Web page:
Furthermore, no components of icynene have the potential to ignite fire since they’re all inflammable. As a matter of fact, Icynene’s inflammability can handle a max of 30 minutes of a blazing house before it catches fire.
Can cellulose insulation catch fire?
To be honest, cellulose is the safest insulation for a house when compared to other insulations except for Rockwool.
Cellulose insulation is made mostly out of recycled paper and mixed with fire retardants. You won’t find such an insulation material in the market with this many recycled components as its ingredients. In terms of cellulose’s composition, 85% of its overall ingredients consist of recycled paper while the rest is covered by borate and ammonium sulphate. Note that these two are fire retardants and are used to put out fires. Does that answer our question though?
Well, yes and no. Borate is responsible for the high fire safety ranking of cellulose, but there’s a catch. Due to cellulose’s little combustibility rate, fires can start slightly easily but the flame would take a good while to spread through the material, thanks to the suppression by the fire retardant. In such a case, the fire would simply continue to seethe. This is both good news and bad news. Good news because the fire won’t spread easily and bad news because the smoldering fire in cellulose is very difficult to detect. The low melting point of cellulose is the reason for that.
In short; cellulose insulation can catch fire easier than other insulation materials but it prevents the spreading of fire, and hence cellulose insulation is safer than fiberglass or spray foam insulation in terms of fire hazards.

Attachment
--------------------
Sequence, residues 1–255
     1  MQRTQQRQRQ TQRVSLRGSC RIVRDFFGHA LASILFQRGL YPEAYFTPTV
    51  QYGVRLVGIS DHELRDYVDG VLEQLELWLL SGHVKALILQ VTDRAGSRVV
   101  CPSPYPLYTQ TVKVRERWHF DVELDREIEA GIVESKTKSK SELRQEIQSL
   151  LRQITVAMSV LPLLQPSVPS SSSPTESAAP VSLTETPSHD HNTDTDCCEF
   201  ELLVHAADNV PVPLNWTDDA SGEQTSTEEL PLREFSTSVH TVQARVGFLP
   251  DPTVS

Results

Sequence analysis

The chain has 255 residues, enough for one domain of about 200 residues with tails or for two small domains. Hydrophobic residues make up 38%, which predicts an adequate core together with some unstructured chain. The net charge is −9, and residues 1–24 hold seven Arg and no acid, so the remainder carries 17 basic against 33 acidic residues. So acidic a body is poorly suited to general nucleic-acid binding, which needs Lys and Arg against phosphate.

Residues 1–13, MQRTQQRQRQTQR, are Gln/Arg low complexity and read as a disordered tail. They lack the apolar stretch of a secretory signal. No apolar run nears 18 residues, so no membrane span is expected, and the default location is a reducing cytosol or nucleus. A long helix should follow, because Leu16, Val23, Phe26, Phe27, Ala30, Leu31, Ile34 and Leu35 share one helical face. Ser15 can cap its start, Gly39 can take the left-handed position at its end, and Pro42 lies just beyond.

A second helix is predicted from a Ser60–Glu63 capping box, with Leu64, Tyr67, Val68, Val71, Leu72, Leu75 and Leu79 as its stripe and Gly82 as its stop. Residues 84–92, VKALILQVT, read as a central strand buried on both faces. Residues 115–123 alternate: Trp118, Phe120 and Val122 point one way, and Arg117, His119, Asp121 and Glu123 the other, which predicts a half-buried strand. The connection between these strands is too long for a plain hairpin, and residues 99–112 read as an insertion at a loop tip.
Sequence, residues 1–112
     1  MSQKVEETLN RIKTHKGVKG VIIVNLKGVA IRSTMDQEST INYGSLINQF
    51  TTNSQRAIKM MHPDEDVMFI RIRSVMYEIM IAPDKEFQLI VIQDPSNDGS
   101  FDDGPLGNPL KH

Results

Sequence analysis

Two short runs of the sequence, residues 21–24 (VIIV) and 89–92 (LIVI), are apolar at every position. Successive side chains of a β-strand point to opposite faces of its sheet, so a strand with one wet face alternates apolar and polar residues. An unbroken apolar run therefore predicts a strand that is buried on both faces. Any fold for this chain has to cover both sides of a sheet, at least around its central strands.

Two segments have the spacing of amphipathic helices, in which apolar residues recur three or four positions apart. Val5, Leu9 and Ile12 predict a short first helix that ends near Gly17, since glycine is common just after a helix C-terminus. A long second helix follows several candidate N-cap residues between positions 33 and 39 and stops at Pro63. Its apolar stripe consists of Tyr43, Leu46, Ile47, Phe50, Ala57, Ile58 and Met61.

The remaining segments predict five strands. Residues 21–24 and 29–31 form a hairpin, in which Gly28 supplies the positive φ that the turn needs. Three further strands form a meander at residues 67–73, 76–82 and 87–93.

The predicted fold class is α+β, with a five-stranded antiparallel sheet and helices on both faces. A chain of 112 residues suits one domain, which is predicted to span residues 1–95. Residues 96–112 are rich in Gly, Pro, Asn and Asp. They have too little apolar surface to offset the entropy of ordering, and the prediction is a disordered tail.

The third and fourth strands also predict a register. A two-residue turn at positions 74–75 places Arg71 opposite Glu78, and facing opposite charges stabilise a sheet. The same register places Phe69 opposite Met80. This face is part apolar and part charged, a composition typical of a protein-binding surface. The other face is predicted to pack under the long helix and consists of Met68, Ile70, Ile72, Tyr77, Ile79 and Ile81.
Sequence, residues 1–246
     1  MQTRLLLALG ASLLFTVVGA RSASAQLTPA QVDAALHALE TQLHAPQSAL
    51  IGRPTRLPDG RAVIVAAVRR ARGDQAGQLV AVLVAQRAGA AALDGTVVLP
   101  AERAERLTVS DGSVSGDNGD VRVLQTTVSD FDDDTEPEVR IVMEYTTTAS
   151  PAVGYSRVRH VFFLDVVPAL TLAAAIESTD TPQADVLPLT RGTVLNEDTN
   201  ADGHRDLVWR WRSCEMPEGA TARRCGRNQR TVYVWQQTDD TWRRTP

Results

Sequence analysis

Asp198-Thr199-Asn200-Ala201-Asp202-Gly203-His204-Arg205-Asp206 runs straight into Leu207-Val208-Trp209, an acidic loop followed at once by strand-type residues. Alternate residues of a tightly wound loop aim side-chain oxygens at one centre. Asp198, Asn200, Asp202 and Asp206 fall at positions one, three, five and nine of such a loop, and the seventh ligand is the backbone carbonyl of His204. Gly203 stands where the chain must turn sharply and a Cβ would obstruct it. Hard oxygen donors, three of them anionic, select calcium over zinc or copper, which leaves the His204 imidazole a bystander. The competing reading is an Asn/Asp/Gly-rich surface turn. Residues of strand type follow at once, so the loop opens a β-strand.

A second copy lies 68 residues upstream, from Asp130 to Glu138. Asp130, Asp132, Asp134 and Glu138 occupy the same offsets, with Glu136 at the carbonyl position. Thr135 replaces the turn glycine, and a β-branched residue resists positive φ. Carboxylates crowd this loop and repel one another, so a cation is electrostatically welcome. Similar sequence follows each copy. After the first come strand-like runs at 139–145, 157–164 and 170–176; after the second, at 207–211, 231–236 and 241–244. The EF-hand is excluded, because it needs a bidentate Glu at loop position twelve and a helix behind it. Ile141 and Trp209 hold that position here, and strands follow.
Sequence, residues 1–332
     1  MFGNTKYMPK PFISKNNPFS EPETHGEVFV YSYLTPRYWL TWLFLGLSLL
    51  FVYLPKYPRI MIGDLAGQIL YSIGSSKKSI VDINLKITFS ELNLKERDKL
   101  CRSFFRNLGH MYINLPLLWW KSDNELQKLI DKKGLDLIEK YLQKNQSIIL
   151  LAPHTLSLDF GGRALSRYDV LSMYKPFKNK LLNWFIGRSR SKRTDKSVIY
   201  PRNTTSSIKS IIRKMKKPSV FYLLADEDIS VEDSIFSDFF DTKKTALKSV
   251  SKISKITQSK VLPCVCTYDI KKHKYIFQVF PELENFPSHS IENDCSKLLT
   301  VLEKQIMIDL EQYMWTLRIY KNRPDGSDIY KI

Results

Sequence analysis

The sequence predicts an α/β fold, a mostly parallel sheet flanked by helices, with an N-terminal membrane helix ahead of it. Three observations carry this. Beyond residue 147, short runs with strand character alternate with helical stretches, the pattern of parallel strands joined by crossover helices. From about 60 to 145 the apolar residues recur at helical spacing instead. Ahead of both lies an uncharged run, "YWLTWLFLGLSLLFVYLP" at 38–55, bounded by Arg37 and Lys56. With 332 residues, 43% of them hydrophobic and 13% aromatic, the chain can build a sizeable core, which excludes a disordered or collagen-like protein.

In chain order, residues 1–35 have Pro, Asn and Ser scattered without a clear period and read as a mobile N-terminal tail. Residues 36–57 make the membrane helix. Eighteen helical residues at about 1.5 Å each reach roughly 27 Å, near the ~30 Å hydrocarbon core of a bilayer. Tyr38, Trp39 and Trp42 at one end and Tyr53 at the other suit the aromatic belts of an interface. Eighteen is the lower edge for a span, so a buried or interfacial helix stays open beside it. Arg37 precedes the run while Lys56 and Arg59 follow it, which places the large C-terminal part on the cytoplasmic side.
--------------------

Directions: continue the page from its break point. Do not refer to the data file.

Don’t believe what I said? Given below is a video of a fire hazard test conducted between a fiberglass insulated, cellulose insulation, and a non-insulated structures. It took 25 more minutes for the cellulose insulated structure to collapse than the fiberglass insulated one.
The Flammability of Rockwool (Mineral wool)
Rockwool (Mineral wool) is made by bringing natural basalt rocks to their melting point under extreme heat conditions. At around 1,600 degrees Celsius, the rock melts and is mixed with a few other chemicals then spun at a high pace to achieve a material similar to thin wool fibers. Boasting extraordinary insulation capabilities, Rockwool or stone wool is then converted into batts and loose-fill to be used for insulation in homes, offices, and industrial buildings. Generally, Rockwool has the properties of fire resilience. It is often used solely for the purpose of fireproofing and it works like a charm.
This extraordinary ability to resist fire lies in rockwool’s tremendously high melting point which makes the chances of catching flame quite thin. Furthermore, even if Rockwool is exposed to extremely high temperatures, the material won’t emit any type of gas that may pose a threat to your loved ones. As a matter of fact, Rockwool is proven to delay the spread of fire due to its natural composition. This makes the insulation material one of the best when it comes to fire resilience. To conclude, rockwool insulation does not combust during contact with an average house fire. It’s going to take a lot more than just 1000 degrees Celsius to make Rockwool into ashes.
Don’t forget t watch the video below;
Is styrofoam flammable?
Styrofoam, also known as polystyrene used to be quite common back in the day for packing and wrapping. Even food used to be packed with this material. Styrofoam insulation, however, is still around to this day. It can put up a reliable barrier between an internal part of a structure and the external weather, which makes it a good material for insulation. Styrofoam’s composition consists of styrene, a product that is often identified as plastic. Due to its ingredients being widely available at a not-so-costly price, the material is the cheapest insulation solution you can get your hands on. Especially for spacious places where material needed for insulation is in large volumes.